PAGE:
requiring 2x2 systems of linear equations.

How To Succeed in Math

The Problem - Students who fail are not “bad at taking tests”. They are simply not well prepared. That bad
feeling you have while cramming the night before is from lack of practice, AND you know the clock is running
out. You can’t cram math; it takes too many hours. You must master it in small pieces, one after the other.
Everyone has “anxiety” when they are not prepared. The good news is you can excel at ANY academic subject
or job skill if you work hard and prepare. This requires dedication, discipline, and lots of practice. A determined
attitude is over half the battle.

The Solution:

First, show me how to do it the first time. This can be a person, textbook, video, software, or the web. Most
students need a teacher. However, there is a mountain of free help available. Don’t just copy the board in class.
Keep up with the discussion and ask questions. Keep asking until you understand how to solve it. Your notes
must have all these steps on “how to solve the problem”. The steps are listed in the textbook, plus some of my
own “Lesson Notes”, but you need to rewrite these in your own words. Use the homework to identify the
specific steps you need. When you need to get help or look something up (notes, textbook, tutor, etc.) write it
down in detail for future reference. Do not list examples only. Instead, write some instructions to yourself on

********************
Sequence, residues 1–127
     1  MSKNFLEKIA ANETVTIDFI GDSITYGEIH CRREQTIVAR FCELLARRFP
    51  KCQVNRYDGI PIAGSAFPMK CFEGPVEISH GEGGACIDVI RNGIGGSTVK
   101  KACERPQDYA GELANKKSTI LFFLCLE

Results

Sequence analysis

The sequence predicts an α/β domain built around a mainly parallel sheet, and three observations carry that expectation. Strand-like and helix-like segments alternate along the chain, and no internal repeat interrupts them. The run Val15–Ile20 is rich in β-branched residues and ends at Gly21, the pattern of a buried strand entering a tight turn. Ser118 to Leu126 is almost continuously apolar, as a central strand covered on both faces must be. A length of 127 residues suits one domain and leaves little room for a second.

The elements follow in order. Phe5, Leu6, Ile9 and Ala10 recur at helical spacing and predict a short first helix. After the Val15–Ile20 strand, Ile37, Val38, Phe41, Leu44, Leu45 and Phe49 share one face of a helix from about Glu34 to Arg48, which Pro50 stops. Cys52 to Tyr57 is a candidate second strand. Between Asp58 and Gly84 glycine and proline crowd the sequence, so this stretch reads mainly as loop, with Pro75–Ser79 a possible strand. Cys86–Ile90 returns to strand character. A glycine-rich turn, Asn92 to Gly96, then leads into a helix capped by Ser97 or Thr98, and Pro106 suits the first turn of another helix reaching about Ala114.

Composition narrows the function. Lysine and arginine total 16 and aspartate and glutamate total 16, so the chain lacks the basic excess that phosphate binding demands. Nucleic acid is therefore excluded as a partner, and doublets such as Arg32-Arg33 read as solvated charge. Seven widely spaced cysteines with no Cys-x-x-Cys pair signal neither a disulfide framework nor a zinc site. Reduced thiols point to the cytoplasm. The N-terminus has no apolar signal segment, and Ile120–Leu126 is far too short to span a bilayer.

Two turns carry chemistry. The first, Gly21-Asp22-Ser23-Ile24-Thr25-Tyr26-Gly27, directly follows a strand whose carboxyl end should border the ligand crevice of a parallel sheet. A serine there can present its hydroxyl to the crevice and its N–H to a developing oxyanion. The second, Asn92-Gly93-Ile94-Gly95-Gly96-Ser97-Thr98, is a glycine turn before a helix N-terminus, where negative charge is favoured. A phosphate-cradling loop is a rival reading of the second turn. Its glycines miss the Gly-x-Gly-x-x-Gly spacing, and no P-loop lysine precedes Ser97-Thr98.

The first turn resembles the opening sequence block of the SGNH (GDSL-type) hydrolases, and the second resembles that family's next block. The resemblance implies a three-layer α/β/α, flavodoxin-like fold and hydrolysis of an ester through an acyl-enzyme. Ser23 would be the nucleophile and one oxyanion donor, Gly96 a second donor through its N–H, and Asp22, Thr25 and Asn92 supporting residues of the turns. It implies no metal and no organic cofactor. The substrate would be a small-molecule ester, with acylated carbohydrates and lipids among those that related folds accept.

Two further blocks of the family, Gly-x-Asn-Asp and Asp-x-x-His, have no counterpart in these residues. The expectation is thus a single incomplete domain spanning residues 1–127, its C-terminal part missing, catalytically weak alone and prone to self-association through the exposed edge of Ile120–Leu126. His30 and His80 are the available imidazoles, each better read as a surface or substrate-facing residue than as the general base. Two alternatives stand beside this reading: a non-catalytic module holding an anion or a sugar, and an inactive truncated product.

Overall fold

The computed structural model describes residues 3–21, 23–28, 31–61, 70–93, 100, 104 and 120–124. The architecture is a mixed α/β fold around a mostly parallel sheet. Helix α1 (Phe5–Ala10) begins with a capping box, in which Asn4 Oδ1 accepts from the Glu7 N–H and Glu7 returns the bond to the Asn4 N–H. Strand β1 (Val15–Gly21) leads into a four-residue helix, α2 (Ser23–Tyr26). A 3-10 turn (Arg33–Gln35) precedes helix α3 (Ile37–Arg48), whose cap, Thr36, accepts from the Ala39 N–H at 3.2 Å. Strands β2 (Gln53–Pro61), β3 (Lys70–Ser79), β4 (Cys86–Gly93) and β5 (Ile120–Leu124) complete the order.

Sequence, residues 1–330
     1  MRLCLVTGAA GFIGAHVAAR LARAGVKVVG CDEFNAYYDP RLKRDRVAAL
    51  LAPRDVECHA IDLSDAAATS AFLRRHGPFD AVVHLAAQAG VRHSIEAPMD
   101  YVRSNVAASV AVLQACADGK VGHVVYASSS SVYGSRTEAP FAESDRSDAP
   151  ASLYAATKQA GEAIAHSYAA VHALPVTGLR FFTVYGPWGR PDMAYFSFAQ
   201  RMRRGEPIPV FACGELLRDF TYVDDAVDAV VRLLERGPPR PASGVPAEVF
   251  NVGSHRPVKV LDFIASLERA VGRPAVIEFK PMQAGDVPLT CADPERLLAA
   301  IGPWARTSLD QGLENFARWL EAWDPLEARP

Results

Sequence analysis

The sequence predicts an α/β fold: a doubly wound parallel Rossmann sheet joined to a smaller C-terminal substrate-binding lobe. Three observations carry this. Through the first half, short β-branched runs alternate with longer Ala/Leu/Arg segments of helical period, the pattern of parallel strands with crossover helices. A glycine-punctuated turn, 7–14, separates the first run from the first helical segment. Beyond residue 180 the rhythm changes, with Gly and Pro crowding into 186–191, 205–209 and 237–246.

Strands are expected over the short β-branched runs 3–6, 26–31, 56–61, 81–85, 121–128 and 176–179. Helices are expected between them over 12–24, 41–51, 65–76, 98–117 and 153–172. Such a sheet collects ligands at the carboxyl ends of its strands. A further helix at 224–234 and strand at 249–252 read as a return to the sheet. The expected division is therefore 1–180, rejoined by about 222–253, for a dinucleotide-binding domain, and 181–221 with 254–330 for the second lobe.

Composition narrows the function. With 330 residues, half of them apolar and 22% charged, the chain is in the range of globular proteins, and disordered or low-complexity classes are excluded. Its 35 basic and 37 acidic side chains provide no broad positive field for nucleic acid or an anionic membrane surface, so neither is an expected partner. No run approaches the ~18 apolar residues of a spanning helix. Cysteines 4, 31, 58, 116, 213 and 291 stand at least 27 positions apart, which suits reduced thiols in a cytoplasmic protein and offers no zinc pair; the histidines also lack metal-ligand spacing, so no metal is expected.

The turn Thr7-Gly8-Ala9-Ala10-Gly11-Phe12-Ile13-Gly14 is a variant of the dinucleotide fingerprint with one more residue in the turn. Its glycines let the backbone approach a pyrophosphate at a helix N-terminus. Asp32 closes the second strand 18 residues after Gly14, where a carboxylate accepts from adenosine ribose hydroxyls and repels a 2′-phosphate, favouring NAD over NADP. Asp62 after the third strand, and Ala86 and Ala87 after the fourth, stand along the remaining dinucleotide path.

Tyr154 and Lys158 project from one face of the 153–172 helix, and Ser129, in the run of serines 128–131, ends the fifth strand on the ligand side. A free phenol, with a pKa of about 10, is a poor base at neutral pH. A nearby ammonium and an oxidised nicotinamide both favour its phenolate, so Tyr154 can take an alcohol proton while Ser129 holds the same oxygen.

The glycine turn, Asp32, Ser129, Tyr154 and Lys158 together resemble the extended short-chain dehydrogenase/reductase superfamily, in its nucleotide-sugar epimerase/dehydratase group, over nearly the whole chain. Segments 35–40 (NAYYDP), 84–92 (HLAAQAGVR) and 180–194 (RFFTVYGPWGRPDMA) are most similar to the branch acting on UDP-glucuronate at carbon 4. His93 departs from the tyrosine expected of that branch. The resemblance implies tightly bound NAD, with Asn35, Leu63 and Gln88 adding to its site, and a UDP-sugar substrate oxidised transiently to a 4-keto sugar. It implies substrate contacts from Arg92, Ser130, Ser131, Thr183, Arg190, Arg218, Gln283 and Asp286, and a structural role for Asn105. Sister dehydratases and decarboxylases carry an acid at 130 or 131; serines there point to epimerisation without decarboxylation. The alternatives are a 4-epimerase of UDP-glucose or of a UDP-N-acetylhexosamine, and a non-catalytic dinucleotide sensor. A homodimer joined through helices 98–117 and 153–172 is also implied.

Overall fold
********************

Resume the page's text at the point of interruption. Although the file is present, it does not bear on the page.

“how to solve”. You are gathering the notes you will need to prepare for the test. I will show you how to check
your answers without using the key.

Second, prove to yourself you can do it on a test (no notes, no help, no answer key). This is the step most
students skip. It does you no good to look over all your homework solutions and expect to remember them all.
You would need a photographic memory to do that. You must be able to look at a blank problem and solve it
alone, just like on a test. This is what the Reviews are for. When you get stuck, it tells you what information you
have forgotten. Go ahead and look it up again, BUT this time write it down on a separate “sheet”. I call this a
memory sheet. You are finding out the very things you will forget. When finished solving a problem, do not use
the answer key, practice checking it yourself like I showed you in class.

Third, find a way to remember it. You can spend hours and hours repeating the practice but most students don’t
have the time. It is much more efficient to memorize the notes (assuming you followed step 1 and 2). If you
completed the Test Review AND wrote down the information you forgot, you are probably OK if you take time
to memorize. To be sure, find the hardest problems and do them again, especially the word problems. I can send
you extra; just email me the problem numbers. Don’t stay up all night before a test. Extreme fatigue will cause
you to forget most of what you stayed up for.

Fourth: how to pass the test.
1. Read the instructions and entire problem carefully, BEFORE starting.
2. Use a strategy like the lesson notes.
3. Write down all steps on the paper, and use your calculator.
4. Use lots of (((parentheses))) especially when “plugging it in” or “canceling” things.
5. Work vertically down the page.
6. Check your answers like I showed you. If it is wrong, cross it out, then come back later.